12 Days. That’s How Long Taxpayers, Federal Agencies, Employers And Accountants Have To Absorb, Adjust To, And Implement What Trump’s Calling “The Biggest In History Tax Cut“
That’s because most of the key provisions go into effect almost immediately. The Senate’s original proposal to delay some of the biggest cuts for a year did not prevail. “There will always be bumps in implementation” one of the bill’s key negotiators told Politico.
The final tally in today’s Senate vote to approve the bill is 51-48. Simple: all Republicans “yes” (except John McCain who wasn’t there), all Democrats “no”.
In the House, a dozen Republican Representatives are expected to vote “no”, along with zero democrats.
An initial House vote (which has to be redone this morning) was 227-203 in favor of the tax bill. (And there’s no reason to expect those numbers will change). The redo the result of a few last minute changes spurred by procedural challenges from Democrat Ron Wyden and Independent Bernie Sanders which we discuss in greater detail below.
The President has a news conference scheduled for early afternoon, so everything should be wrapped up by then.
12 Republicans in the House are expected to vote against. All of them except one hailing from California, New Jersey, and New York, high tax states where their constituents are sure to be slammed by gutting state and local tax deductions. The most controversial of those “no” votes coming from House Appropriations Committee Chairman Rodney Frelinghuysen of New Jersey. He’s really between a rock and a hard place: the “no” vote puts his Chairmanship of the powerful committee at stake, while a “yes” vote would’ve been political suicide. California Republican Tom McClintock, who voted “no” for the original House bill, voted “yes” for this. He’s the only one who “flipped”.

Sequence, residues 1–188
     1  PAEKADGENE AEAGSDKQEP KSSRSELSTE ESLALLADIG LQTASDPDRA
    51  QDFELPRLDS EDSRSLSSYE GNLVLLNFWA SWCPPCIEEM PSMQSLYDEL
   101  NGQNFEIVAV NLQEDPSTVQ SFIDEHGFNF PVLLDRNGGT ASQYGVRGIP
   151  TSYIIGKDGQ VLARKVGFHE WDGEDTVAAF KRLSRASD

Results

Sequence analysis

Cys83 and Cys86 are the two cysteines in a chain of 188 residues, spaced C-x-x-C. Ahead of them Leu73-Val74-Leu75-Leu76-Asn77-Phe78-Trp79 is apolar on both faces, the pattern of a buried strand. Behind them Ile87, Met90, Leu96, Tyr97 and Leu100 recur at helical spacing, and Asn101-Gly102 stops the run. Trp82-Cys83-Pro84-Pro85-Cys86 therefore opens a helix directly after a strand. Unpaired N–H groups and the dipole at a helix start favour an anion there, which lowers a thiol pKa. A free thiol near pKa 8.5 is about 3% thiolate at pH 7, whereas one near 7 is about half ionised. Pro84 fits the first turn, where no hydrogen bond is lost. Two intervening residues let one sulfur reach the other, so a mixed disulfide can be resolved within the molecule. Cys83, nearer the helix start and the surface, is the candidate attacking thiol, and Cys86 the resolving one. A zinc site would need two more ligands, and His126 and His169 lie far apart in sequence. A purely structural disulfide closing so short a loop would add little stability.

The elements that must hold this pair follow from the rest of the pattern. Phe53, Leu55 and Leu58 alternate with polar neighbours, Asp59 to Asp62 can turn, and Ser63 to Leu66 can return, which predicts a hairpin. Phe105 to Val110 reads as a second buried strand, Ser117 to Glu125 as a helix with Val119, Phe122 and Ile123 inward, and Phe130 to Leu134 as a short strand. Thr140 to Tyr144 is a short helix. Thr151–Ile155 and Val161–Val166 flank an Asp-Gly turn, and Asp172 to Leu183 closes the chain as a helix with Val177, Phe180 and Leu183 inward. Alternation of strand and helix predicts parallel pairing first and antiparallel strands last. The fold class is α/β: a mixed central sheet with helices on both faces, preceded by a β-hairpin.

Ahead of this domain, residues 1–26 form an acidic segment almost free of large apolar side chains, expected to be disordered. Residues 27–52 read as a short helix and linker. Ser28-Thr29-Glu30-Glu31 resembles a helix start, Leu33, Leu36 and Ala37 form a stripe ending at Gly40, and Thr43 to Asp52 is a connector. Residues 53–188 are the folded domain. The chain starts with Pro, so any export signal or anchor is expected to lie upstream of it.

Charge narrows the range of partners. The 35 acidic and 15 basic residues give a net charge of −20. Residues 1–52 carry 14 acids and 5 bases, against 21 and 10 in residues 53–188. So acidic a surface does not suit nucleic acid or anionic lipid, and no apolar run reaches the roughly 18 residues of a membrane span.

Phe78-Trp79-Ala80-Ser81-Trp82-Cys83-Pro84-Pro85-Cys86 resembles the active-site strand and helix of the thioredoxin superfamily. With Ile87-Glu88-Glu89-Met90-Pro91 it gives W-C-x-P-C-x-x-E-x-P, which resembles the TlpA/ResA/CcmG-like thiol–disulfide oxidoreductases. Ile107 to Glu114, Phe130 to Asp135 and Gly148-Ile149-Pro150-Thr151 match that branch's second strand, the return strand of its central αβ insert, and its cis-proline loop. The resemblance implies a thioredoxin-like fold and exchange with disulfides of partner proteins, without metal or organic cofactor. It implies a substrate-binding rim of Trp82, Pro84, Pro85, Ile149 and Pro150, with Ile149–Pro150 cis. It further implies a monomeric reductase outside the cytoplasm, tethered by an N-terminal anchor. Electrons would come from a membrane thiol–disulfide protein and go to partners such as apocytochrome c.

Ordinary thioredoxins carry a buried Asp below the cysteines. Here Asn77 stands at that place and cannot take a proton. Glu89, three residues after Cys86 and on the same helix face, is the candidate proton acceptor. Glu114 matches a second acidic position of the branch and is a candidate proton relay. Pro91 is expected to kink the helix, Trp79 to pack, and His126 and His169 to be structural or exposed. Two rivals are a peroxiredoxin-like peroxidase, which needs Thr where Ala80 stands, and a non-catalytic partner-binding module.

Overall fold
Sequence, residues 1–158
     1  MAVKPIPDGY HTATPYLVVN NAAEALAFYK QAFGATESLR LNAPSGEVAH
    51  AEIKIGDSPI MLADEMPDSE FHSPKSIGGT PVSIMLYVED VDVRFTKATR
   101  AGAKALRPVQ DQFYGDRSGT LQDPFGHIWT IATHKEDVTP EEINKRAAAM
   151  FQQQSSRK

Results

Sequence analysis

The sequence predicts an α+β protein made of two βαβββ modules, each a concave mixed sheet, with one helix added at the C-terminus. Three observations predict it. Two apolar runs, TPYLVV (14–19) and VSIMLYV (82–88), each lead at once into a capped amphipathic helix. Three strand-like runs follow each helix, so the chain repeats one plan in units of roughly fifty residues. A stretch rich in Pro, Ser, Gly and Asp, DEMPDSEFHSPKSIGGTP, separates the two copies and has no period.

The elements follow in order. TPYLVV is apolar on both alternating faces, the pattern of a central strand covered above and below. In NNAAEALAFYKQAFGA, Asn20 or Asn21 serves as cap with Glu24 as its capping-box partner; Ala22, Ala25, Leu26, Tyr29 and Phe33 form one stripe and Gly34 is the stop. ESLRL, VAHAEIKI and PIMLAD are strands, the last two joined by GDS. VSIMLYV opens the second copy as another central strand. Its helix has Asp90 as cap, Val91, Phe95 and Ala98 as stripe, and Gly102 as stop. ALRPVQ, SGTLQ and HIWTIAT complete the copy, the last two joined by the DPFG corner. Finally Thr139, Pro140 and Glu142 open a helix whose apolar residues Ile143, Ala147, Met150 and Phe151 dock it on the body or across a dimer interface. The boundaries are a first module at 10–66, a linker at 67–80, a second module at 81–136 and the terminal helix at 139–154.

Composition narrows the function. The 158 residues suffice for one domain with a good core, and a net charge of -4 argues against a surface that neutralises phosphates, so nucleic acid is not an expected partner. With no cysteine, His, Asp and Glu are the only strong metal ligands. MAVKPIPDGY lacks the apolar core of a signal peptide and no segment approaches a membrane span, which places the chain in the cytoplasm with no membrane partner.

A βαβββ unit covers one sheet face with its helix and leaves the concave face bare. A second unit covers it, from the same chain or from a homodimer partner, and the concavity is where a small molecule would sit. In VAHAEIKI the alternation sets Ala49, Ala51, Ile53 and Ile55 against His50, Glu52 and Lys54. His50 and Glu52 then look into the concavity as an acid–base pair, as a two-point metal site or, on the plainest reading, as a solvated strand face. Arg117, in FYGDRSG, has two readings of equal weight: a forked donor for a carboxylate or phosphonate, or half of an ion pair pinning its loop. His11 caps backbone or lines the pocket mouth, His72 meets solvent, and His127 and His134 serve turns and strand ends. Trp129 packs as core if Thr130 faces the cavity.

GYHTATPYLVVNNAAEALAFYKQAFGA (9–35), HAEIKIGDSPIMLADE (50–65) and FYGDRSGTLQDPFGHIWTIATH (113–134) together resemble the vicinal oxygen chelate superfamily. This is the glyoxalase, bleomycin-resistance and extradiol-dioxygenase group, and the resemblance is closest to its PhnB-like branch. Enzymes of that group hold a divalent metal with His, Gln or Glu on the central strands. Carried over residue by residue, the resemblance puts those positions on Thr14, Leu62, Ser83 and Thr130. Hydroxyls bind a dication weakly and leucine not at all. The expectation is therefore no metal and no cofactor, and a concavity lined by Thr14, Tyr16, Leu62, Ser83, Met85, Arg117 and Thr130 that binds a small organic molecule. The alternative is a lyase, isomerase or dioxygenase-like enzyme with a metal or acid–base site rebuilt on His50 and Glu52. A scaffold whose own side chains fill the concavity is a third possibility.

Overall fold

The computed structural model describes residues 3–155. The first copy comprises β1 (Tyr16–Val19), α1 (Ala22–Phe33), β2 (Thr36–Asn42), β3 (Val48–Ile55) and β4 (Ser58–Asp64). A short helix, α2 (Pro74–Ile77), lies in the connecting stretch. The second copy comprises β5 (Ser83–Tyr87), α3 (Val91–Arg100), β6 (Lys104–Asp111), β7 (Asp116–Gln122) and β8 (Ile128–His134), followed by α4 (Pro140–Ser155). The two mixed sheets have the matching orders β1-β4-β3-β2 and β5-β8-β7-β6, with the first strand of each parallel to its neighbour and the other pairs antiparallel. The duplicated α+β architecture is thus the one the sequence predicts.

Since the tax bill is front-loaded: most people should see their biggest reductions in the next couple of years, which then will slowly evaporate until they disappear altogether 10 years from now. Although Republicans say they intend to extend/fix that when the time comes. Corporate tax rates on the other hand, will endure.
The Washington Post suggests (as we’ve suggested for months) that passage of the bill today is just the 1st half of a long game, where the 2nd half involves using Republicans using the ballooning deficit they’ve just created as justification for slashing away at Medicare and Social Security. (Let’s see if Trump sticks to his campaign promise not to touch those things as strongly as he did moving the Israeli Embassy to Jerusalem)
Trump directed a Tweet at corporations, which reads in part: “Enjoy, and create many beautiful jobs”.
Trump’s Early Morning Tweet Focuses On Obamacare
And yes, Republicans were able to chop the provision in Obamacare that forces people to buy insurance, because that will result in fewer insurance policies the government will have to subsidize, leaving it with more money, and far more people without insurance.
This aspect of the bill is far from settled: Senate Leadership promised Maine’s Susan Collins, who voted against all Obamacare repeal bills this summer, they’d back measures to support Obamacare markets as part of a year-end spending bill if she voted for tax cuts. But Republicans in the House say they aren’t part of that deal, and have no obligation to pass it.
Last Minute Gambit By Bernie Sanders And Ron Wyden Make Tax Bill Just A Little Better
Procedurally, what the Senators from Vermont and Oregon did is create just a little bump in the road. They brought up a few things in the bill they felt didn’t meet the standards to allow passage by simple majority. And the Senate Parliamentarian agreed. Meaning if Republicans left those few things in, they’d need 60 votes, not 51–a virtual impossibility, since there are only 52 Republicans in the Senate (soon to be 51, God Bless You, Doug Jones!)
That’s forcing House Republicans to pass the bill a 2nd time today, after they had already passed it yesterday, because the Senate was forced to change it in between, and drop those few things. The House Ways and Means Committee, and most mainstream media is portraying what’s happening as the Senate throwing out a few “minor provisions”.